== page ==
By Niall Browne
JFK may just be the quintessential Oliver Stone movie. It covers US politics, it has a sprawling storyline, it’s filled with paranoia and it’s high on kinetic energy. It may also be his best film. Now in 2008 it is difficult to remember how much of an impact JFK had on, not only the world of film but on society. It’s no understatement to say that at the time its release, the film was a true phenomenon.
The film has an all star cast featuring Kevin Costner, Tommy Lee Jones, Kevin Bacon, Donald Sutherland, Joe Pesci, Jack Lemon, Walter Matthau , Sissy Spacek and Gary Oldman as Lee Harvey Oswald. However, the true anchor of the film is Costner as Jim Garrison, a New Orleans DA who believes that there is more to John F. Kennedy’s on November 22, 1963 assignation that meets the eye.
The running time of this 205 minute flashes by, and if you decide to get yourself a drink or take a bathroom break (without pausing) then there is an awful lot that you will miss. Names, dates, events and locations are referenced, and Stone appears to be of the opinion that the viewer is up to speed (or at the very least – has a brain). Helping with this deluge of information comes the supporting cast. Stone has laced the film with memorable turns; from Lee Jones’ Clay Shaw a standout supporting role (never equalled until No Country For Old Men) and Pesci’s David Ferrie, who is all wig and paranoia.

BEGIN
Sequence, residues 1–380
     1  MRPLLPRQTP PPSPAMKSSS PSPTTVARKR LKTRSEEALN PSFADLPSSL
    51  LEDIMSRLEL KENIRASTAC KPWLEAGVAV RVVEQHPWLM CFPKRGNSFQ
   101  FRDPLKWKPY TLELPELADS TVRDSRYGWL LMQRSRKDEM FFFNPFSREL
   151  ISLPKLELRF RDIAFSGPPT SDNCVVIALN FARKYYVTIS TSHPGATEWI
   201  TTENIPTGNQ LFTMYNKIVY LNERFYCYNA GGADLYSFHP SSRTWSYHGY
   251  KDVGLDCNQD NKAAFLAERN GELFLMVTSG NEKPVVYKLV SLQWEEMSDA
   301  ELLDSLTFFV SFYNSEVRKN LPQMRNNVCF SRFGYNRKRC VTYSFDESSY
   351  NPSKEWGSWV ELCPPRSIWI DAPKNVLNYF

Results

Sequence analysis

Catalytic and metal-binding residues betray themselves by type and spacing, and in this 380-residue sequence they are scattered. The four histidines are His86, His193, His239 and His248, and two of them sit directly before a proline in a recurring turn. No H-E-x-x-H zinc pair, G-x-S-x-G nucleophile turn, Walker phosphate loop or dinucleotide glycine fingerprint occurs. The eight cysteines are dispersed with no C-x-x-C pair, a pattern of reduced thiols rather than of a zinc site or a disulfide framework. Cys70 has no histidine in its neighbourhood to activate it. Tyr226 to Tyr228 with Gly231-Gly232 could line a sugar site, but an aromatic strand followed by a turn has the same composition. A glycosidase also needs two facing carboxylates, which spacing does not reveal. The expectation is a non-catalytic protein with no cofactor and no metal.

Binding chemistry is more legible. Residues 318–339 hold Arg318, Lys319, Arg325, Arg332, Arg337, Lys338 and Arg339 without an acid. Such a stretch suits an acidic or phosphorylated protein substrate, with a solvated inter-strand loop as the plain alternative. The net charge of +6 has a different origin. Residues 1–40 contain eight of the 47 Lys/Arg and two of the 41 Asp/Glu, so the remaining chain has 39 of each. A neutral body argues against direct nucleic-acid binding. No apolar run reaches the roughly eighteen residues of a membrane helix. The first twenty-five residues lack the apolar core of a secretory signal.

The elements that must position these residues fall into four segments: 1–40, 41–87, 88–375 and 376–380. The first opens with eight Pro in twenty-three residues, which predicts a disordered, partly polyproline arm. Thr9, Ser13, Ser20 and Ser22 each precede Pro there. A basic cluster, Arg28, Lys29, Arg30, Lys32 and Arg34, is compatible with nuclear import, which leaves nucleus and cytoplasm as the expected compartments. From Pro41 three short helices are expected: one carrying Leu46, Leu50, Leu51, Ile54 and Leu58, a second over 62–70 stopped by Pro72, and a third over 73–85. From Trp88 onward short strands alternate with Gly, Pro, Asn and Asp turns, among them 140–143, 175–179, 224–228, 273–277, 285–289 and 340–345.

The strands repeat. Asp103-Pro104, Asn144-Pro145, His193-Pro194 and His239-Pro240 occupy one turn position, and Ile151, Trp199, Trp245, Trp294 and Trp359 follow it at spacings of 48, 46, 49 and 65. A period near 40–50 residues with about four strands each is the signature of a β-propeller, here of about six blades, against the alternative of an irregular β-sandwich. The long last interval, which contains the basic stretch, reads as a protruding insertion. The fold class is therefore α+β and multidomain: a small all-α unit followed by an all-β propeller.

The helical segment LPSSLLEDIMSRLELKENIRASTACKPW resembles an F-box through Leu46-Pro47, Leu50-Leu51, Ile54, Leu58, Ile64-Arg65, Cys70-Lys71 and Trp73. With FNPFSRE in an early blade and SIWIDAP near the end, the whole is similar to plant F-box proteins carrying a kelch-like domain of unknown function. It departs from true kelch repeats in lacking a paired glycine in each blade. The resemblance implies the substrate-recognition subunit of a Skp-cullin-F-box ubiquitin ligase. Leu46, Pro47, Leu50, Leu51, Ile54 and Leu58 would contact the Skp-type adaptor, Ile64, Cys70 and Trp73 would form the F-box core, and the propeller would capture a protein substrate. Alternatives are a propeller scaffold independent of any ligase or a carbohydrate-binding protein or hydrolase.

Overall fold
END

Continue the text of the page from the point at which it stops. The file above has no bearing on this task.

Who cares if Stone plays fast and loose with the facts, as the old saying goes; it’s all true – give or take a lie or two. He has managed to deliver a magnificent film that should have cleaned up during the 1991 Oscars, when The Silence of The Lambs reigned supreme.
A master stroke of filmmaking, JFK stands beside All The Presidents Men as not only an excellent political film, but also one of the greatest studio pictures ever made. The Warner Bros. of today would never finance such a controversial film, and that is one of the reasons why it is so special in 2008.
Not a lot here that wasn’t included in the previously-released 2-disc edition – besides a nice 44-page book and Kennedy family featurette, ”the Kennedys: Americaâ€™s Emerald Kings” (2008) – but if you’re a fan of the film you might be interested in the double-dip. Ported over from the previous release are Oliver Stone’s commentary, deleted scenes, an interesting documentary on the ‘conspiracy’, multimedia essays, production notes and trailers.